A raft of companies have applied to register trademarks in Australia including the words "COVID", "Corona" and "Quarantine", as the global COVID-19 pandemic leads to a surge in demand for products including hand sanitiser and disinfectants.
Publicly-available records show a NSW-based company applied to IP Australia, the government agency that administers intellectual property rights, on March 3 to register the trademark CoronaClean for use on detergents for household and medical use.
The novel coronavirus or COVID-19 pandemic has led to a rise i trade mark applications in Australia using the name of the virus.Credit:AP
A separate company in Newcastle applied on March 17 to register the name Covidex as a trademark for hand sanitiser and disinfectants including sprays and wipes.
A Brisbane man is seeking to register the trademark COVID-19 to market a broad category of services which may include education, television and news, while a Victorian company wants to register Coronavision in the same category.
And as self-isolation requirements and social distancing rules start to bite, a West Australian company has applied to register The Quarantine Concierge as a trademark for services including grocery deliveries and the delivery of meals, flowers, magazines and parcels.
All of the applications were made this month and have yet to be considered by IP Australia.
It is not uncommon for global events to trigger trademark applications, but some have proved controversial.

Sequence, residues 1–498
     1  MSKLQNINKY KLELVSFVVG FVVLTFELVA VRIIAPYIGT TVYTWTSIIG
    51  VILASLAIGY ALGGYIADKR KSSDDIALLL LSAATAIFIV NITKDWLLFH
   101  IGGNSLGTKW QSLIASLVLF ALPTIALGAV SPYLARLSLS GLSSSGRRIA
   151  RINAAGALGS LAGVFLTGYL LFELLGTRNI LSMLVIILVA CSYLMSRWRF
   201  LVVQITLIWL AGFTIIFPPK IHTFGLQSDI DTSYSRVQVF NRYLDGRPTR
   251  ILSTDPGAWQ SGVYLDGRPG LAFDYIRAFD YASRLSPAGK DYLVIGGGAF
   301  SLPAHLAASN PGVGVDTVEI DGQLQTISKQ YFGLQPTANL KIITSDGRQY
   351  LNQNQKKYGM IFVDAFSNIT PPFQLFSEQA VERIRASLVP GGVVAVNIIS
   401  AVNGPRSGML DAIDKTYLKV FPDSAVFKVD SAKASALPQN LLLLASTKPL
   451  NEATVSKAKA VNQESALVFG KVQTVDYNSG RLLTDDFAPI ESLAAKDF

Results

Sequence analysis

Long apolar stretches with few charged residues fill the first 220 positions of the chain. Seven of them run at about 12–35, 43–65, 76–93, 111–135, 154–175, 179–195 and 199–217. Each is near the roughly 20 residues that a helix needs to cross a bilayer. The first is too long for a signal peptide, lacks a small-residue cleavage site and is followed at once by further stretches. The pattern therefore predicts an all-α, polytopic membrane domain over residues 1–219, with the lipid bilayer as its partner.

The disappearance of Malaysia Airlines MH370 flight in March 2014 and the subsequent downing of the MH17 flight in July that year as the result of a missile attack led to several applications to register MH370 and MH17 as trademarks in Australia, including by the airline itself. Those applications were rejected.
One application to register MH370 for education services was initially rejected by IP Australia on the basis it "would offend a section of the community and is therefore scandalous" because of the "sensitive nature of the tragedy to the Australian public and the associated loss of lives".
The dispute over that application subsequently went to a hearing. The applicant said they were making "a genuine attempt to locate flight MH370 through 'impartial' educational means" and wanted to "restore public confidence in air travel".
A delegate of the Registrar of Trade Marks did not reject the application on the basis the proposed trademark was scandalous, but on the basis the word was associated with the missing aircraft and could not “distinguish” the applicant’s services from those of other traders, as required under trademark law.
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